He has done an impressive amount of research about this code, as well as how there is a thriving market for this type of code. He discusses how the code “calls home” to get more information, or downloads a client software so that the hacker can actually access, unseen, the user’s computer and see what he/she is typing, what pictures, and even the key generator number.
He suggests, and I can’t recommend strongly enough, that people use a segregated computer for financial activities. VMWare is going to have quite a sale in workstation licenses, really soon, if not NOW.
It’s going on my computer when I get home.
There’s always a lot of discussion on the Internet about how much “security” (by which they usually mean IT security) costs, and whether it’s a good ROI. (Return on Investment – another candidate for Acronym dismemberment.)
There’s a lot of factors to consider, but for small to medium sized businesses or non-profits, here’s some important questions:
What is the financial risk to your company?
Repairs to systems
Reputation – loss of business due to public awareness of your company’s perceived “flaw”
Direct cost of theft
I started thinking about this from a small/medium sized company’s perspective, after reading a commentary in a SANS NewsBite. The commentary (Yes! I’m now commenting on a commentary about a commentary on news. Does this mean I can now be a Certified Commentarian?)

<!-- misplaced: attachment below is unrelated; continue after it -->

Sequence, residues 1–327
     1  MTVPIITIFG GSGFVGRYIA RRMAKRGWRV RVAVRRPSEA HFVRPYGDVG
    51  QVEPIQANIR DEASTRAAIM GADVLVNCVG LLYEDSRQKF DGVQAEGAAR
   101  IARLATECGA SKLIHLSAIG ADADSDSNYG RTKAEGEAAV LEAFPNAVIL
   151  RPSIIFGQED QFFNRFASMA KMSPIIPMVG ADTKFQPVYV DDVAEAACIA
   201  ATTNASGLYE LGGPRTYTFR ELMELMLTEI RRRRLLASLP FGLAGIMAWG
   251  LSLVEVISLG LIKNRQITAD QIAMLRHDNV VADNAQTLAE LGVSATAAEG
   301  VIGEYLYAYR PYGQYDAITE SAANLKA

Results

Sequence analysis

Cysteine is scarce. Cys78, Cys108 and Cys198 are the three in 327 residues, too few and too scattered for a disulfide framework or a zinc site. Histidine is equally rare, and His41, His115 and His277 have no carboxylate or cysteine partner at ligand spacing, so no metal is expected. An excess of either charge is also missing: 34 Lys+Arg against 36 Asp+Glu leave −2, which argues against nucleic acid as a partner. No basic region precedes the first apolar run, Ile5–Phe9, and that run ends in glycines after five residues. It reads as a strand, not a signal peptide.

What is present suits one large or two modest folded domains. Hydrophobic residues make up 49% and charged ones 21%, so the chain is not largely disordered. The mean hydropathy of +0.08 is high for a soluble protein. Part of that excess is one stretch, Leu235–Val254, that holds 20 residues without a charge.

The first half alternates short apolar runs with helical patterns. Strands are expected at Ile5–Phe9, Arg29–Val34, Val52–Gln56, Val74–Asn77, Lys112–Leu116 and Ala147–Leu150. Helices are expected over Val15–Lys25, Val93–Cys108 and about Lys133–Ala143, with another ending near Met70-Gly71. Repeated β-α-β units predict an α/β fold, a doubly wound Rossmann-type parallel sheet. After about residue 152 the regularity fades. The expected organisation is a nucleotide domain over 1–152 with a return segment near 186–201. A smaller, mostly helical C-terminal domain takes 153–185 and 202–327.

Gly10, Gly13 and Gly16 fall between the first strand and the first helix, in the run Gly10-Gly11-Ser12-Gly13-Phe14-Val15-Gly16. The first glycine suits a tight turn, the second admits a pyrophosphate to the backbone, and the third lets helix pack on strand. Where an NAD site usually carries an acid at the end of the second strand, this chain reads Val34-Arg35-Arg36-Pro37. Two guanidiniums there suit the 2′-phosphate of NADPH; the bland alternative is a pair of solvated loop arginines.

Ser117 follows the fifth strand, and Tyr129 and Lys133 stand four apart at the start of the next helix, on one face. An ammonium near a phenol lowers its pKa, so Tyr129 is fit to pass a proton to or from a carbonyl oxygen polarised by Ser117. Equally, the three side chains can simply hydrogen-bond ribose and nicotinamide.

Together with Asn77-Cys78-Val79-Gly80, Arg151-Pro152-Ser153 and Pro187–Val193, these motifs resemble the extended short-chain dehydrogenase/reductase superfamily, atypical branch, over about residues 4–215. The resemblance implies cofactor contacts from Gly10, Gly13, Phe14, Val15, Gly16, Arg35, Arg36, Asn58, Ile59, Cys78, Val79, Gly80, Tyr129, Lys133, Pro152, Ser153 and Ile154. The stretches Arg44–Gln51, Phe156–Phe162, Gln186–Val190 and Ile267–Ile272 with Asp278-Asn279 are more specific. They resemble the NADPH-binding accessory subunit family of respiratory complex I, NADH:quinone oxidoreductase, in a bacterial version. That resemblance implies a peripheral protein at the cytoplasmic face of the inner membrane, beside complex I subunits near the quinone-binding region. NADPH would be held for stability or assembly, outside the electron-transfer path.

The news commentary (alright, I’ll stop now) article referenced statistics from the FDIC that were provided at the recent RSA conference, most notably:
…small businesses and nonprofits have suffered some relatively large losses — $25 million in the 3rd quarter of 2009. Hackers target small businesses where the security controls are weak.
It’s an interesting article, and summarizes the ACH and wire fraud thefts via Banking Trojans that I’ve talked about previously. The commentary went on to say that in the larger scheme of things, $25 million dollars is a relatively small amount.
My first response was, “Not to me!” Then I began to wonder, how much money could a small/medium company lose and still stay afloat? It’s a question worth asking when costs for IT Security are raised.
Comes the latest news via CSOOnline:
Wyndham Hotels and Resorts experienced a computer security incident in late 2009. As a result of that incident, an unauthorized user may have gained access to credit card numbers and certain associated information. As soon as the incident was identified, the perpetrator’s access was quickly isolated and contained. We believe a maximum of 37 Wyndham Hotel and Resorts branded properties may have been affected for various windows of time during the period between October 25, 2009 and January 29, 2010.
This is rather different from the announcement on their web page: